A senior foreign ministry official in Moscow demands the departure of NATO instructors from Kiev and a freeze of weapons supply from the West as the Russia-Ukraine conflict rolls into its 302nd day.

Russia's President Putin says the main task of the Russian military-industrial complex is to provide our units and frontline forces with everything they need.
Russia's President Putin says the main task of the Russian military-industrial complex is to provide our units and frontline forces with everything they need. (Reuters Archive)

Friday, December 23, 2022

Putin orders Russian defence industry to up its game for Ukraine war

President Vladimir Putin told Russia's defence industry chiefs to up their game to ensure that the Russian army quickly got all the weapons, equipment and military hardware it needed to fight in Ukraine.

"The most important key task of our military-industrial complex is to provide our units and frontline forces with everything they need: weapons, equipment, ammunition, and gear in the necessary quantities and of the right quality in the shortest possible timeframes," Putin said during a visit to Tula, a centre for arms manufacturing.

"It's also important to perfect and significantly improve the technical characteristics of weapons and equipment for our fighters based on the combat experience we have gained" he added.

Russia made significant progress towards ‘demilitarising’ Ukraine: Kremlin

The Kremlin said on Friday that Russia had made significant progress towards "demilitarising" Ukraine, one of the goals President Vladimir Putin declared when the war began 10 months ago.

Kremlin spokesman Dmitry Peskov offered the assessment of Russia's military progress when asked during a briefing about comments by Putin, who on Thursday said that Ukraine's defence potential was close to zero.

"It can be stated that there is significant progress towards demilitarisation," Peskov replied. Ukraine's own defence potential - its military-industrial complex - has been badly disrupted by Russian missile strikes.

Shelling of Zaporizhzhia nuclear plant has almost stopped: official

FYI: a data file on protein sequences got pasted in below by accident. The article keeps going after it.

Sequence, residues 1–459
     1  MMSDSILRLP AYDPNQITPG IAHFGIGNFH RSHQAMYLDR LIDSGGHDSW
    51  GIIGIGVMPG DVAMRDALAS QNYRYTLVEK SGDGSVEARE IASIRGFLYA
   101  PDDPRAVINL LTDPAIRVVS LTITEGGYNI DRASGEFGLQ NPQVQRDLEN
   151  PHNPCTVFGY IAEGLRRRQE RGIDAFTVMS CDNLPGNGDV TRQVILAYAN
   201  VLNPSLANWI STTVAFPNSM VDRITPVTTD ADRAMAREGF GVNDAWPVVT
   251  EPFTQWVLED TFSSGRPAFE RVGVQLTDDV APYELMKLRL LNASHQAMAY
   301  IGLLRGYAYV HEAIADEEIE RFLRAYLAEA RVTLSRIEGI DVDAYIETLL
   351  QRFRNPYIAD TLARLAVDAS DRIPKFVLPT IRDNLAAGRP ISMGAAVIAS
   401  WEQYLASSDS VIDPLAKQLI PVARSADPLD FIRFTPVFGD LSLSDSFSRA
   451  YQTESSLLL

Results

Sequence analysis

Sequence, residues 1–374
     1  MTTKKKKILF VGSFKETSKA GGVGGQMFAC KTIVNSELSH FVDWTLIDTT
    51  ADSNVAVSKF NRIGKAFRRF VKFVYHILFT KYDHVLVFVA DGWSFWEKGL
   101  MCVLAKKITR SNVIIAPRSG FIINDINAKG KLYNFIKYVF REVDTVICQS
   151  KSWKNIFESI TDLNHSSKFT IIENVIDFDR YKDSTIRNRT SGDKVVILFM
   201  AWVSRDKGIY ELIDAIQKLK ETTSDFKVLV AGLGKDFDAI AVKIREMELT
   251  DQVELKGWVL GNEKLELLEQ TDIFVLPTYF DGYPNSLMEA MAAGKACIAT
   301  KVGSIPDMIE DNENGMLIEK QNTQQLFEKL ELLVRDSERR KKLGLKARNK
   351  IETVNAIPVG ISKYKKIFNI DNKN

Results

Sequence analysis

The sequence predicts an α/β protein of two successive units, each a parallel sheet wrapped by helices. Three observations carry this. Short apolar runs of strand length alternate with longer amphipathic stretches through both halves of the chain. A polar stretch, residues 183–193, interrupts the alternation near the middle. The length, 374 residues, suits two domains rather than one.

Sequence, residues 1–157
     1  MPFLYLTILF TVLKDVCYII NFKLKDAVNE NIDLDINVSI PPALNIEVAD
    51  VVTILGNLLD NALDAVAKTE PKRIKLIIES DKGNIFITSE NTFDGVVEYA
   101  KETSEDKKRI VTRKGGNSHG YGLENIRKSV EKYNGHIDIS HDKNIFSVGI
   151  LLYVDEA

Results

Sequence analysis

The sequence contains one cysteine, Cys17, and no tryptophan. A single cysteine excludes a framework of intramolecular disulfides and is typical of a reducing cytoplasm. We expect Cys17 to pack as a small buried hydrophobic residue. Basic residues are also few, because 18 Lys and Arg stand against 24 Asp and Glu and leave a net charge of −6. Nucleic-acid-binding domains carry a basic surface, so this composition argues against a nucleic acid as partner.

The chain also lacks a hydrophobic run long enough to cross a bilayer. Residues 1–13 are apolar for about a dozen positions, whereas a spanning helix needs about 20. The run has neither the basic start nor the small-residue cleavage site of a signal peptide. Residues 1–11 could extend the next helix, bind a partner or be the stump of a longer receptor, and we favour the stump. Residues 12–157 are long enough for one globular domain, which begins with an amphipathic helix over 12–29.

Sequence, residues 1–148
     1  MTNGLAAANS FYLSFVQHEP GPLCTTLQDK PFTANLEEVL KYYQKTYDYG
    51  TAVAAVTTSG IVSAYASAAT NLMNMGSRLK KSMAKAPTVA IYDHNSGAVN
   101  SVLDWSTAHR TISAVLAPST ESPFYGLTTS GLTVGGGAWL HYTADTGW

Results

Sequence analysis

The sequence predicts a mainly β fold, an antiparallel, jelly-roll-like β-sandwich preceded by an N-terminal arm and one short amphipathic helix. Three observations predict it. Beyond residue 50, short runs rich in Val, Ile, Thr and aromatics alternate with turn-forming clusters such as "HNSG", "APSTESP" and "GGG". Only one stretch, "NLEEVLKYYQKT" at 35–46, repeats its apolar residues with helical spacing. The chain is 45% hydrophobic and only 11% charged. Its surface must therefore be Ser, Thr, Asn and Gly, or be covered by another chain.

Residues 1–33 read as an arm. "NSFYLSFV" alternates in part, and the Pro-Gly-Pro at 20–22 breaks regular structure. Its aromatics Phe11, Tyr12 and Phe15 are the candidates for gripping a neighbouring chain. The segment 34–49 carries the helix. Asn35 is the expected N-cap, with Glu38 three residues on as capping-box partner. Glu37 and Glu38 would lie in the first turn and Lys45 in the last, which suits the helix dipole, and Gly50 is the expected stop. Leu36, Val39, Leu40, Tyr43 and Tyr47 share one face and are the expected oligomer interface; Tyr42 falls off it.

The top Moscow-backed official in Ukraine's Zaporizhzhia region said that shelling of the Russian-controlled nuclear power plant there had "almost stopped".

Speaking on Russian state television, Russian-supported regional governor Yevgeny Balitsky said that Russian troops would not leave the nuclear power station and that it would never return to Ukrainian control.

The Zaporizhzhia plant, Europe's largest, was captured by Russian forces in March, soon after the conflict in Ukraine began in February. The plant remains near the frontlines and has repeatedly come under fire in recent months, raising fears of a nuclear disaster.

Netherlands to provide Ukraine with up to 2.7B in aid

The Netherlands pledged $2.7 billion to help war-torn Ukraine in 2023, with most of the money earmarked for military aid.

"Nearly two billion is intended for military support", Dutch Prime Minister Mark Rutte told a press conference in The Hague. The rest will go towards humanitarian aid, rebuilding infrastructure as well as ensuring accountability, he said.

"The exact use of the contribution depends on the needs of Ukrainians and therefore on the course of the war," the government said. The Dutch government said support for reconstruction was designed to help rebuild hospitals, housing, energy and agricultural infrastructure, as well as demining work.

Ukraine eyeing bigger diplomatic footprint in Africa: Zelenskyy

Ukrainian President Volodymyr Zelenskiyy said that Kiev would boost its footprint in Africa next year by opening 10 new embassies and strengthening trade ties with the continent.

Ukraine has been trying to rally African countries to its cause as it fights off Russia's assault, in part by promoting a humanitarian grain initiative to help alleviate hunger in highly vulnerable countries.

"We are overhauling relations with dozens of African countries," Zelenskiy told a gathering of diplomats in Kiev. "Next year we need to strengthen this."

Talks premature until 'financing' for Ukraine stops: Russian diplomat

A senior Russian diplomat has said that talks on security guarantees for Russia cannot take place while NATO instructors and "mercenaries" remain in Ukraine, and while Western arms supplies to the country continue.

In an interview with Russian state-owned news agency TASS, Alexander Darchiev, head of the Russian Foreign Ministry's North America department, said talks would be premature "until the flood of weapons and financing for the (Ukrainian President Volodymyr) Zelenskyy regime stops, American and NATO servicemen / mercenaries / instructors are withdrawn".

Russia typically refers to foreign volunteers fighting with the Ukrainian army as "mercenaries", and has convicted captured foreign fighters of acting as such.

Ukraine's Zelenskyy defiant as he returns to Kiev